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Sunday, April 26, 2015

ALBUM REVIEW: Crom Dubh go all out on Heimweh

LONDONER'S playing Celtic-tinged black metal...whatever next? Yep, four-piece Crom Dubh have gotten their d├ębut platter on the racks, and you'd swear in parts that the band have emerged from the ancient bogs of Ireland.

And, dear constant reader, if you remember our recent review of the excellent Cave of Swimmers release you will know we have a pretentiousness alarm...and when we read the PR blurb accompanying Crom Dubh's 'Heimweh' release you'll understand that it was blaring at full blast...

Here's a sample: ."...music channels the folk songs of the old world through the eschatological* prism of second-wave black metal and post rock.

"All Crom Dubh lyrics are written and sung by Beonetleah in Old English, Old Norse, and Latin. They are translated into Modern English for the benefit of the modern reader on the album sleeve."
Now, when you read something like that it is hard not to snigger. But that would be unfair - we believe that it is important to give as many releases as we can a good solid listen before judging.

And, to our delight, despite the impenetrable lyrics, there is a lot of good music going on here. 'Sedition' in particular - all eight minutes, 42 seconds of it - stands out. Incessant riffing, an atmospheric feeling that channels the spirit of Thin Lizzy if Darkthrone were covering Lizzy riffs...That sounds weird, but it works.

But, that Celtic sound, and describing themselves as "post-rock" [whatever the fuck post-rock is...] gets in the way. 'Kings II' is a great track, but it is hard to get away from thinking 'Primordial' at times.

When they step away from that template, for example on the title track and 'Sailing to Byzantium' their identity is more distinct.

Having listened more thoroughly to this release several times, we just can't make our minds up. The music is enjoyable, the concept seems sincerely developed, but until we stand in front of them at a live show we'll just say that there are some great tracks on the release, but our pretentiousness alarms are still blaring. For example here's a chunk more of the PR blurb:

"Crom Dubh's debut full-length, 'Heimweh' ('Homesickness'), continues the narrative of the 2010 EP 'Deifr', in which the gathering and dissolution of a great river operated as a metaphor for the rise and fall of nations and civilizations.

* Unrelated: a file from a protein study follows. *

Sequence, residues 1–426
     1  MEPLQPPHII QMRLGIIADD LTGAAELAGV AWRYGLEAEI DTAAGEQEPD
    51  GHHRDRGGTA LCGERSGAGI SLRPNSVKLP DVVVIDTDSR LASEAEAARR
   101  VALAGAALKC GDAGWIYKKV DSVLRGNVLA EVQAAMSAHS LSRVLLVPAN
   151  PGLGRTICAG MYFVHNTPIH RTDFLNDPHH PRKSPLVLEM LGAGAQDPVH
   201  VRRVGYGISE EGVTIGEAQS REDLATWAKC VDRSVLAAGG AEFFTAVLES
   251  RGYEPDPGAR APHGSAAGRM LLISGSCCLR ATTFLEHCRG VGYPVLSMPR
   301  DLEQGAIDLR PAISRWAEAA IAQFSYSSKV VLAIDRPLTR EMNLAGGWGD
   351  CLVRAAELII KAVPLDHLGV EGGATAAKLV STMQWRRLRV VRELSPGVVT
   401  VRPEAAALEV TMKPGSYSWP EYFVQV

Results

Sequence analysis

"'Heimweh' follows a similar narrative, albeit with a focus on the life of the lone indivi1dual within this tumult, following a traditional cradle-to-grave progression throughout the course of the album that runs parallel to Hesiod's five ages of man. The album handles themes of loss, rootlessness, nostalgia, exile, and death, thinking on the journey ahead and the way home.

"The band explain the main theme of the album:

‘Home-coming’ is one of the most prominent themes in the Western canon, implicit in the Classical and Judaeo-Christian traditions; whether it be the search for a promised land, the promise of an eternal afterlife, Odysseus’s journey to Ithaca, or Oedipus’s ill-starred return to Thebes.

'This governing idea is common to all those who inherited and shaped this tradition (e.g. Virgil, Augustine, Boethius, Dante, Chaucer, Milton) in recorded history, but is probably a deep-time signature that is as old as humans, and part of our survival mechanisms as a species; part of the same instinct that sent us island hopping in the pacific in prehistory, that now drives us to find a new home on a red planet.

'Both horrified and entranced by our inevitable return to dust, our compulsion is to understand the return home in terms of master narratives, misleading though these may be. This impulse is true of individuals, societies, and - since we have begun to understand ourselves on a cosmic scale - our species.

‘Heimweh’ (‘Homesickness’) confronts and embraces this contradictory formula, in a cradle-to-grave narrative following the eternal recurrence of birth, life, death, and rebirth.
"Crom Dubh (pronounced Crom Doo or Crom Doobh) is an Irish harvest god, whose name translates into English as ‘the dark and crooked one’. Crom Dubh is a forgotten god, whose fragmentary identity lingers only as a palimpsest of millennia-old traditions buried by later accretions. Crom Dubh is a potent metaphor for the ancient world swept to the far corners of our everyday experience; a world of awesome and terrible power that most would rather keep hidden from thought and sight."

You know what though....when you read that it is not that daft compared to some prog bands....yep, Heimweh gets a qualified thumbs up from us.

Review by Jonny
 * http://www.merriam-webster.com/dictionary/eschatology

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